Chairman of the cash-strapped regional airline, LIAT, is calling for a meeting of Caribbean Community (Caricom) leaders early in 2013 to deal with transportation problems in the region.
In a paper to the meeting of major shareholders of the Antigua-based airline over the weekend, Jean Holder said that the summit should be convened to discuss regional air transportation and its critical role in supporting the Caribbean Single Market and Economy (CSME).
The CSME allows for the free movement of goods, services, skills and people across the 15-member Caricom grouping and Holder, a former senior executive of the region's tourism industry, said "the focus of the meeting must not be about blaming the airlines which have given a total of 200 years of service to the region and the countries which have subsidised the rest of the region.
"It must be about what is needed to get regional transportation right and what and how much each country which is a beneficiary of the services will contribute to the cause in its own best interests. The agenda must be wide enough to include a number of aviation issues which are related to the proper functioning of regional air transportation."
Holder said the concept of a Single Market and Economy takes for granted the existence of an efficiently run and reasonably priced transportation service that meets the passenger and cargo needs of all Community partners.
"Until this is achieved, Caricom should prioritise the discussion of this item at the highest level. The discussion should not, however, be restricted to how inefficient and expensive are the existing services paid for by a few countries, although this is a legitimate concern.
"It should also be about what are the reasons for the inefficiencies and what each member state of Caricom, other destinations currently served, and all the various tourism partners, such as hoteliers for whom air lift is critical, intend to contribute, financially and otherwise, according to their abilities, to achieve the objectives desired. This is a discussion that many of those who now benefit, and will benefit even more from an improved service, have, to date, refused to entertain."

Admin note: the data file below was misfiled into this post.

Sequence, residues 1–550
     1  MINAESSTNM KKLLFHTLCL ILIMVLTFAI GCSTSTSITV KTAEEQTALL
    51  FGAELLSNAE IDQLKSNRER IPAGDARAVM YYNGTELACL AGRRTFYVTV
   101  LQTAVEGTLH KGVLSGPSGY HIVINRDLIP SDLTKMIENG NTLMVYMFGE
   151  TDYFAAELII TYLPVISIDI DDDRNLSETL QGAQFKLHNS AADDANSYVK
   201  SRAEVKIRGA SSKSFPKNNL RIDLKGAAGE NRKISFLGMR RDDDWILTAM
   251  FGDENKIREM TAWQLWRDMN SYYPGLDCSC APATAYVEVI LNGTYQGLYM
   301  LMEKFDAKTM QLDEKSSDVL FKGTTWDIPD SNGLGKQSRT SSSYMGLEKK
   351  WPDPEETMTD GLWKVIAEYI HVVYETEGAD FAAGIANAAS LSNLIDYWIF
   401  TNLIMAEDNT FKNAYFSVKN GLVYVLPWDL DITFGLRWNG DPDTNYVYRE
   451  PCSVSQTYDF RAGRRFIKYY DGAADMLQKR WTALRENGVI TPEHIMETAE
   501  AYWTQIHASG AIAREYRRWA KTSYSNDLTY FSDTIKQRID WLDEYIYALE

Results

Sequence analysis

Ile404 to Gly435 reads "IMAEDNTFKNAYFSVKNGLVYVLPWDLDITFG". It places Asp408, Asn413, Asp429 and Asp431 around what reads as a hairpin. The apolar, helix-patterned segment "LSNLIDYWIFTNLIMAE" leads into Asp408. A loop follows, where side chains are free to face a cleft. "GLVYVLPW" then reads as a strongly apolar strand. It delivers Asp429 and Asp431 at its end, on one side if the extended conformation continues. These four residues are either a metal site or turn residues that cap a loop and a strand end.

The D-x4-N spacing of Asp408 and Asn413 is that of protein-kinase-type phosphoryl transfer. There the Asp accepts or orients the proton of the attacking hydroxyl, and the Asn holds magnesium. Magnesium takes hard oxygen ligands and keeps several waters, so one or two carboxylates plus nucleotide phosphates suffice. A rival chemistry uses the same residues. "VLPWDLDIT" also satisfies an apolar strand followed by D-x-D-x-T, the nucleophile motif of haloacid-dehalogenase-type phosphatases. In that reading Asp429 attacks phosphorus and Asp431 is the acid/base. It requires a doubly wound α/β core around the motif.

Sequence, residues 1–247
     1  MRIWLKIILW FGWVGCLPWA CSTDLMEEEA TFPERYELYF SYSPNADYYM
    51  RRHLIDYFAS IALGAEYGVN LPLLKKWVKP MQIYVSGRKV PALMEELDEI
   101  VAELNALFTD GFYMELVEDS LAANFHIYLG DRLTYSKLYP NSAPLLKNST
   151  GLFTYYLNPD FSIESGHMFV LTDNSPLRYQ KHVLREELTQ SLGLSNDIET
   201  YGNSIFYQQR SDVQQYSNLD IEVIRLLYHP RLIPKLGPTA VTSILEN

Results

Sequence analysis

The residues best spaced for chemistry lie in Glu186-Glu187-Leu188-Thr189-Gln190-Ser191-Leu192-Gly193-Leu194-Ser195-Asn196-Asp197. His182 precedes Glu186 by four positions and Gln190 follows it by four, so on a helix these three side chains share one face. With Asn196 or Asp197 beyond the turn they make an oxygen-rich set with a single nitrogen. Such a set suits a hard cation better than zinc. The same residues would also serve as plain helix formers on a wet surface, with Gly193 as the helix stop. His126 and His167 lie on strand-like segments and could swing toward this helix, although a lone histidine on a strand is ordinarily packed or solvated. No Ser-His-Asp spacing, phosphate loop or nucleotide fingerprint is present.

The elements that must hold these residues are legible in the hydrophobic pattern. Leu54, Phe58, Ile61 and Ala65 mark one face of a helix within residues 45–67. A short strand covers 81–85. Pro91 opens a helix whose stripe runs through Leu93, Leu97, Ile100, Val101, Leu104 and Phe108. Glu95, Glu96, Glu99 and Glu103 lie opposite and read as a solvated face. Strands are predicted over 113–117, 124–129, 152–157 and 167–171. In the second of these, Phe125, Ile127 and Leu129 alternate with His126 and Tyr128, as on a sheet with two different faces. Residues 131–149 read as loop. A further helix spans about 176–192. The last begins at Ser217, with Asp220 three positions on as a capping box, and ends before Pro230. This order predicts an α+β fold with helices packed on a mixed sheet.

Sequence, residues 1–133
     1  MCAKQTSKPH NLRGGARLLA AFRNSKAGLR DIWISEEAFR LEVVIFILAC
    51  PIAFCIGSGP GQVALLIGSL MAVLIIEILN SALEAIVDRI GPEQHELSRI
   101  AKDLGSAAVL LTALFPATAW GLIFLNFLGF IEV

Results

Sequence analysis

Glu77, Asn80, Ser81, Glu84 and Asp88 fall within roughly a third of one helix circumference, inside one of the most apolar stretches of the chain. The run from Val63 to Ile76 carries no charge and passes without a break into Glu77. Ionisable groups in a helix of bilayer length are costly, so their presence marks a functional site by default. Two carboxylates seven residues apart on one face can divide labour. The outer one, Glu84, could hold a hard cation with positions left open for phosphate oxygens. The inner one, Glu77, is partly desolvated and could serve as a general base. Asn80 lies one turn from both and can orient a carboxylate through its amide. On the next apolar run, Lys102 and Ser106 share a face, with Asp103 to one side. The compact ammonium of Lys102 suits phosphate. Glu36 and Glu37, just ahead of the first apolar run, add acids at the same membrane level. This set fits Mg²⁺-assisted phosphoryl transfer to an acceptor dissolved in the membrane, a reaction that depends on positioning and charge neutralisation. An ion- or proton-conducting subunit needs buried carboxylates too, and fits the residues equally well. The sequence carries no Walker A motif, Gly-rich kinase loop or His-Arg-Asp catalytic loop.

In his paper, Holder reiterated a call for communication, cooperation and alliances between Caribbean carriers that stretches over a long period.
"There are many forms to consider; code sharing, alliances, functional cooperation, a Holding Company, under which each carrier retains its separate persona and an outright merger where all entities become one," Holder said, noting that the last attempt occurred in 2003, only to collapse when "suddenly, without explanation, Trinidad and Tobago, pulled out of the arrangement".
Holder said the "idea of Caricom airline alliances must be once more put on the table and a committee, including representatives of the management of the carriers be established, without delay, to examine the feasibility of this concept".
He said the discussions among the regional leaders and stakeholders must take place "with regard to the articles of the Caricom Multilateral Agreement concerning the operation of Air Services within the Caribbean Community".